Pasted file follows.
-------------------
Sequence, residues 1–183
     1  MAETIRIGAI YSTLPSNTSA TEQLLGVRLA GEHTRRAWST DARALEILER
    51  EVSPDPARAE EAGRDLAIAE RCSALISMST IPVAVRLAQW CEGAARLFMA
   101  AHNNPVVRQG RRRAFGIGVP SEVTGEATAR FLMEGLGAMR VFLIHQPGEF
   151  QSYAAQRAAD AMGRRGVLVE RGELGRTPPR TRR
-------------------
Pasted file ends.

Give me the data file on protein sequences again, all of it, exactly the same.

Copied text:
Sequence, residues 1–183
     1  MAETIRIGAI YSTLPSNTSA TEQLLGVRLA GEHTRRAWST DARALEILER
    51  EVSPDPARAE EAGRDLAIAE RCSALISMST IPVAVRLAQW CEGAARLFMA
   101  AHNNPVVRQG RRRAFGIGVP SEVTGEATAR FLMEGLGAMR VFLIHQPGEF
   151  QSYAAQRAAD AMGRRGVLVE RGELGRTPPR TRR